Oddly enough he seems to have caught Millipede E out, though not the boy Clegg both of who have gone back to their fallback positions of not saying anything to rock the EU at all.
David Cameron has said the British people must "have their say" on Europe as he pledged an in/out referendum if the Conservatives win the election.We'll forego all the usual caveats about risk to the economy as in reality a phased withdrawal would leave us in a position to negotiate our position vis the EU in a manner similar to either Switzerland or Norway, both of whom trade equably with the EU, yet have the right to veto any EU proposals thrown at them should they so desire.
The prime minister said he wanted to renegotiate the UK's relationship with the EU, before giving the "simple choice" of a vote on accepting the result of the talks or leaving the EU.
The news was welcomed by eurosceptics who have long campaigned for a vote.
France and Germany both warned the UK could not "cherry pick" EU membership.
During noisy Prime Minister's Questions exchanges in Parliament, Labour leader Ed Miliband said Mr Cameron was "running scared" of the UK Independence Party, whose poll ratings have been rising.
Mr Miliband, who said he opposed holding an in/out referendum, said Mr Cameron "is going to put Britain through years of uncertainty, and take a huge gamble with our economy."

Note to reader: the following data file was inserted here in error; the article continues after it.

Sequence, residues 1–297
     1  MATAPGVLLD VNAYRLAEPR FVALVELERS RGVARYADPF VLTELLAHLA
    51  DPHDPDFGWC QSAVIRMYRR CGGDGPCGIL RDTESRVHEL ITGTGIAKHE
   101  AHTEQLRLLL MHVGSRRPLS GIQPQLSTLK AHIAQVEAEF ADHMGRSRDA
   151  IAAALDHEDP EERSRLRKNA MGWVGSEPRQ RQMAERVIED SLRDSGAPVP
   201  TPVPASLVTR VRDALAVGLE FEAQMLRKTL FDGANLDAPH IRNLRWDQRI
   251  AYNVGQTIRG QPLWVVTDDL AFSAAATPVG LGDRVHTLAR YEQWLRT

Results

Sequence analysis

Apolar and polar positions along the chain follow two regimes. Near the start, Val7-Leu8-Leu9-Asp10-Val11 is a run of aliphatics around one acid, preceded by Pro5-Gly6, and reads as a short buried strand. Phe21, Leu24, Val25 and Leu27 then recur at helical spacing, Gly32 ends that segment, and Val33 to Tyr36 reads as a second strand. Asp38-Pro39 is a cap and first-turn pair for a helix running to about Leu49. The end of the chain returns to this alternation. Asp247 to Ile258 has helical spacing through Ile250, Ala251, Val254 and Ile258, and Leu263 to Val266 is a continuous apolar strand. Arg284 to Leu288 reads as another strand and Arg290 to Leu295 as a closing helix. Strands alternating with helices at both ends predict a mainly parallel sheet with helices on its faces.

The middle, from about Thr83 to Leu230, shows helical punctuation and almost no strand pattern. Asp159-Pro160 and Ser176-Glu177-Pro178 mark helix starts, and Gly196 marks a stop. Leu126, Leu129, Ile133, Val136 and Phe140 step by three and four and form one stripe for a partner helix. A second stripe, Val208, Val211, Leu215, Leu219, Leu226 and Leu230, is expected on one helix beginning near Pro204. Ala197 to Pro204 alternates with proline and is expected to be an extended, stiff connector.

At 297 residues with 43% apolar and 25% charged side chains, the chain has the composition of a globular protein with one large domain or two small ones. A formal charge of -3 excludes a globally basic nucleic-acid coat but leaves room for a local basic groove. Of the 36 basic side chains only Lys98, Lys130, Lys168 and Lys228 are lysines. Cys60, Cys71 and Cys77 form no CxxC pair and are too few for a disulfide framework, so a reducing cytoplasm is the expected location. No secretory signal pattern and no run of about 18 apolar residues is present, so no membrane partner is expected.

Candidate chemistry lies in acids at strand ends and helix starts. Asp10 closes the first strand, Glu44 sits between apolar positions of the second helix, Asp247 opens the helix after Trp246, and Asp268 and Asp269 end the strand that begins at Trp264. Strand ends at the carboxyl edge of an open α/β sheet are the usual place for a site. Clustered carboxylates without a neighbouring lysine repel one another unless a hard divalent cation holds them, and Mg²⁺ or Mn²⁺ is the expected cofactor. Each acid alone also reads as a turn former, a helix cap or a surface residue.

Cameron is taking a bit of a gamble here, but with his party increasingly unpopular as well as a limited resurgence to Ukip he's having to go down a path which he clearly is not happy with in order (he hopes) to garner some votes.
However we all know about cast iron Dave's promises, there's a lot of wriggle room in his promise of a referendum, certainly enough to refuse us one if things change such as the EU giving him a new deal.
This plus if anyone thinks the EU will fight fair over any referendum offered means that those of us who oppose our EU membership will have a massive fight on our hands particularly as the government such as it is will probably recommend that we vote to stay in, or at least the likes of Cameron will.
As far as I can see, the only way we'll be offered a referendum is if the government is convinced it's going to remain in.
Otherwise, we simply won't be asked.